Let’s face it, mountains are awesome. They’re awesome to look at and even more awesome to climb. There are few things greater in life than climbing to the top of a mountain and looking down at the vast openness knowing you just matched the mountain’s awesomeness by climbing it. But what forces are responsible for controlling the elevation of mountains?
In a recent study published in Nature, scientists have come up with a new classification scheme for mountain belts that uses just a single number to describe whether the elevation of the mountain belt is controlled mainly by weathering and erosion or by properties of the Earth's crust, i.e., the lithospheric strength. This new classification scheme is known as the “Beaumont number” or Bm, and is named after Chris Beaumont, a scientist who, together with his team, developed coupled models of surface processes and tectonic forces.
This new classification states that a Bm number between 0.4 and 0.5 means that the mountains are in a so-called flux steady state in which the controlling factors of mountain growth are tectonic forces and the lithospheric strength, balanced by weathering processes as, for example, in Taiwan. With a Bm value lower than 0.4, mountains are also in a flux steady state but with erosion as controlling factor like the Southern Alps of New Zealand. A Beaumont number above 0.5 means that the mountains still grow (non-steady state) with lithospheric strength controlling the process. Examples for this type are the Himalaya-Tibet mountains and the Central Andes.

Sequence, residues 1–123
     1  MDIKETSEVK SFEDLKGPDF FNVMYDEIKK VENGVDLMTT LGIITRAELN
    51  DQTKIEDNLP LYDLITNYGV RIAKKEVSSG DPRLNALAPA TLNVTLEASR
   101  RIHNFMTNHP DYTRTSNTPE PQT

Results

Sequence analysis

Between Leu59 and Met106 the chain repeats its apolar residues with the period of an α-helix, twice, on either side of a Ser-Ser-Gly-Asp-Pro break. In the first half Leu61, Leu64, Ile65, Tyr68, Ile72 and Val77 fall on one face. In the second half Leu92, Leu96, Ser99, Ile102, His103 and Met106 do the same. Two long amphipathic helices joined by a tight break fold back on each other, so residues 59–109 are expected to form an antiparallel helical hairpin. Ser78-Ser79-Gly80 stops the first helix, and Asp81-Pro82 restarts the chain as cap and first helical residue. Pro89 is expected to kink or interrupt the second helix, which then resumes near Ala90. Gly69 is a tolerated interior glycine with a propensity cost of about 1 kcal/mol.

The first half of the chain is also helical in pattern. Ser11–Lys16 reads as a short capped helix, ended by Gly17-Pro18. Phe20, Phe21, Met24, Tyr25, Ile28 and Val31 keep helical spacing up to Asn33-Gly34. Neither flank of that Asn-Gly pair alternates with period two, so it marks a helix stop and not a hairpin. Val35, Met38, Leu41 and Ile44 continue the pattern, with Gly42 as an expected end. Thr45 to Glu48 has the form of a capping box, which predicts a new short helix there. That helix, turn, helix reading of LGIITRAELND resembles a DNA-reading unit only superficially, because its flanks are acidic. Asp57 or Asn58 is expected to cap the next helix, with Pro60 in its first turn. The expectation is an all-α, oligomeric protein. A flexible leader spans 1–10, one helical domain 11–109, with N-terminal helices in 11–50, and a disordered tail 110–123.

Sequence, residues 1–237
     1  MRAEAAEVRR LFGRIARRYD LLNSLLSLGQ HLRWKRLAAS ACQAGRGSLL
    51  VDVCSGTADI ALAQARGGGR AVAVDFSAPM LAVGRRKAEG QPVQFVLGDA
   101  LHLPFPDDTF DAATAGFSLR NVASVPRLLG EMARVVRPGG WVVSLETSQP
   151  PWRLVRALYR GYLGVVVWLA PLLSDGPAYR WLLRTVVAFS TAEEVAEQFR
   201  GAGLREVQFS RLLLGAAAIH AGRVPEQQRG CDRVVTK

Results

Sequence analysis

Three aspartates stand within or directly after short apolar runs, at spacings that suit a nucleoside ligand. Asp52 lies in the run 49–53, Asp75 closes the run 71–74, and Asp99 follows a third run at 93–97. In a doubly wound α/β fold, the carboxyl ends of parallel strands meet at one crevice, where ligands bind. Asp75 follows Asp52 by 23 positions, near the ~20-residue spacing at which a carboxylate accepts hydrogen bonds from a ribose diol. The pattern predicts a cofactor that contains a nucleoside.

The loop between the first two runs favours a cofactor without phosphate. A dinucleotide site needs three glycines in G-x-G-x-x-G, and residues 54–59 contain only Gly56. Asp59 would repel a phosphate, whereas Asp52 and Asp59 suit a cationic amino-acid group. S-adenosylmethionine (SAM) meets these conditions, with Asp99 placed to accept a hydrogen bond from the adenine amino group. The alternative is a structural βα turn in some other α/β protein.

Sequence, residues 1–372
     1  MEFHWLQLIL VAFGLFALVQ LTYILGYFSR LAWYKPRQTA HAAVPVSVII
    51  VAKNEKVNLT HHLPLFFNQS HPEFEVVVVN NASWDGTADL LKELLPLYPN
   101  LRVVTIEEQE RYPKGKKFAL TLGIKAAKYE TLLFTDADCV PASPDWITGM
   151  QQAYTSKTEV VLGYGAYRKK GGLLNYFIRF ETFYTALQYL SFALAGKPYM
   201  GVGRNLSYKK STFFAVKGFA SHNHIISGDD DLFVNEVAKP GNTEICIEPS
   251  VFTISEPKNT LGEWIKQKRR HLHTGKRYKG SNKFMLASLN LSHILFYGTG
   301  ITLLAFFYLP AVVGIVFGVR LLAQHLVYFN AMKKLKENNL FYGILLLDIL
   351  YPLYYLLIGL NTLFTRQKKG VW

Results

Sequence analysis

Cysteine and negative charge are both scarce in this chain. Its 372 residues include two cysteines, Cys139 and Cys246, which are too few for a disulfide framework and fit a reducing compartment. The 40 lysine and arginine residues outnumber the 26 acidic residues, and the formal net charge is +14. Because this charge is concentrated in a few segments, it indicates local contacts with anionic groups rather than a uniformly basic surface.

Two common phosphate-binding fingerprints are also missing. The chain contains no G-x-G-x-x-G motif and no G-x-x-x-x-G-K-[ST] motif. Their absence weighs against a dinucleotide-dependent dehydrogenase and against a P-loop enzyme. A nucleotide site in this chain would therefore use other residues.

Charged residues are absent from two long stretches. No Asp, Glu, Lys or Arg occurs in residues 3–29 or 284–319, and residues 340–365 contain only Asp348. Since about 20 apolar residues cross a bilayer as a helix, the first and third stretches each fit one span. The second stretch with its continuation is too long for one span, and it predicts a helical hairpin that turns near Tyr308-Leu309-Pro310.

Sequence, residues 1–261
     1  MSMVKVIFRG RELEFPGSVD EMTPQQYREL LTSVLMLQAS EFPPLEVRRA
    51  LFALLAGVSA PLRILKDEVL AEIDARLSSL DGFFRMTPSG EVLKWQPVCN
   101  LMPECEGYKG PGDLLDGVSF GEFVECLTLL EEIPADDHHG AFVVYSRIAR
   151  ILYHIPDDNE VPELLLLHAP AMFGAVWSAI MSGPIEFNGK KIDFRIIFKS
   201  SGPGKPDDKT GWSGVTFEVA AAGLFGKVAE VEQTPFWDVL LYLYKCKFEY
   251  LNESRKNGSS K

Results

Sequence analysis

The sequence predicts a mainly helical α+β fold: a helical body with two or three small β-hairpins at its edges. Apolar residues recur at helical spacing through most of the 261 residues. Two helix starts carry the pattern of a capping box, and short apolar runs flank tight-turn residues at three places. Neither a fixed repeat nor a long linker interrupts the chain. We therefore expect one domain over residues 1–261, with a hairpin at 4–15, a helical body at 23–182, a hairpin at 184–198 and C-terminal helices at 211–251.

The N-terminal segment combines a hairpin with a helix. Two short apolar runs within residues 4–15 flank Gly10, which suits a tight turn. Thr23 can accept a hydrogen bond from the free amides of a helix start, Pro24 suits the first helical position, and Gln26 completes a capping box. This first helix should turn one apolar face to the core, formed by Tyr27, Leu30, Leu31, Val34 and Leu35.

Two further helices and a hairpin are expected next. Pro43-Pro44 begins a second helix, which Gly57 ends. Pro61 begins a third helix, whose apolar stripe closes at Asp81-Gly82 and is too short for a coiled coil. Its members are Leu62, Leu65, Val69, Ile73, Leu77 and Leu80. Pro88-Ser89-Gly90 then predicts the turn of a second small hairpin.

This classification is resolving a long-standing question whether tectonic forces and strength of the Earth's crust are the controlling factors of mountain elevation or weathering processes. The new study says it can be one or the other -- depending on geographic location, climate, and underground properties.
The team of scientists led by Sebastian G. Wolf of Bergen University in Norway used a new coupled surface process and mantle-scale tectonic model for their study by combining the thermomechanical tectonic model FANTOM with the landscape evolution model FastScape. Thus, they were able to reconcile high erosion rates in some active orogens with long-term survival of mountain belts for hundreds of millions of years.
Putting observations into numbers helps us understand the world better, and this new classification scheme will undoubtedly help us understand mountains and their geological processes that much better, as well. Will we be able to use this type of classification scheme on other worlds? Only time will tell, and this is why we science!
As always, keep doing science & keep looking up!